Jagadisan, who worked with Monsanto for nearly two decades, including eight years as the managing director of India operations, spoke against the new variety during the public consultation held in Bangalore on Saturday.
On Monday, he elaborated by saying the company "used to fake scientific data" submitted to government regulatory agencies to get commercial approvals for its products in India.
The former Monsanto boss said government regulatory agencies with which the company used to deal with in the 1980s simply depended on data supplied by the company while giving approvals to herbicides.
"The Central Insecticide Board was supposed to give these approvals based on the location and crop-specific data from India. But it simply accepted foreign data supplied by Monsanto. They did not even have a test tube to validate the data and, at times, the data itself was faked," Jagadisan said.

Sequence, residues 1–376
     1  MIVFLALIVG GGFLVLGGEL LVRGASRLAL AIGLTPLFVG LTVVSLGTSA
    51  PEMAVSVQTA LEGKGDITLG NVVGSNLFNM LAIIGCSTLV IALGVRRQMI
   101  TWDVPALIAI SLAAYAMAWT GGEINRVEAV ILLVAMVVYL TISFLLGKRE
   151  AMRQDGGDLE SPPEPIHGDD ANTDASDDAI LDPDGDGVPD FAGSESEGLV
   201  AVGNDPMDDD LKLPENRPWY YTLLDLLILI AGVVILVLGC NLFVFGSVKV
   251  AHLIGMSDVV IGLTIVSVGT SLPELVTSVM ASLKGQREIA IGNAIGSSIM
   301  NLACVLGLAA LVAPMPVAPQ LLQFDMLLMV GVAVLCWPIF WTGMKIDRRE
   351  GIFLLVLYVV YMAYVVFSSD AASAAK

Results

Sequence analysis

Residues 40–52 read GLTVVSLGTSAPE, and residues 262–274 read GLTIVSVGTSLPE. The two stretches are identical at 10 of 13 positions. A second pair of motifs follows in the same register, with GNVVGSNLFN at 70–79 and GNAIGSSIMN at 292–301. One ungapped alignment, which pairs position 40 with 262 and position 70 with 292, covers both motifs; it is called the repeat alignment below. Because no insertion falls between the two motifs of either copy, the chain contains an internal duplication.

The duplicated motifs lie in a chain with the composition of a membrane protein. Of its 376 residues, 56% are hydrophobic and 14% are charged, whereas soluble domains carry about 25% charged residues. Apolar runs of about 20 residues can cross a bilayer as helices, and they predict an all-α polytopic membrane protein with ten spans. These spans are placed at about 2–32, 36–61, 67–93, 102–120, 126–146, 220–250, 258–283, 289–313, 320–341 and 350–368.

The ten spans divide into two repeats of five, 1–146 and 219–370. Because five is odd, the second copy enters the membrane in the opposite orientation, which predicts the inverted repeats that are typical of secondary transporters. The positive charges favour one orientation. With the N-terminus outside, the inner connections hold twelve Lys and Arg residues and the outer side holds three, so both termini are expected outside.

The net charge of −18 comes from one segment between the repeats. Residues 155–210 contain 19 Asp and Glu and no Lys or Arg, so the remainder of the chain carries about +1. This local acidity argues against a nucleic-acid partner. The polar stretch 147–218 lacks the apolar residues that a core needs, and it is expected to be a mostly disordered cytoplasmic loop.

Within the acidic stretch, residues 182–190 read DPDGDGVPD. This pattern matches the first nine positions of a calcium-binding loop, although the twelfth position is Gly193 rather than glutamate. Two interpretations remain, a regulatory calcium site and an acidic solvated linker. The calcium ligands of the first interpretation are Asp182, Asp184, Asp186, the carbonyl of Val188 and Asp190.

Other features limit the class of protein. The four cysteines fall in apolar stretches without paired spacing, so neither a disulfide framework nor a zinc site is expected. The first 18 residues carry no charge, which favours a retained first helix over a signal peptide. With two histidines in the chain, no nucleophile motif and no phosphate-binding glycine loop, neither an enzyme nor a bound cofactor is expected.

"I retired from the company as I felt the management of Monsanto, USA, was exploiting our country," Jagadisan, 84, said from his home in Bangalore.
"At that time, Monsanto was getting into the seed business and I had information that a 'terminator gene' was to be incorporated in the seeds being supplied by the firm. This meant that the farmer had to buy fresh seeds from Monsanto at heavy cost every time he planted the crop," he said.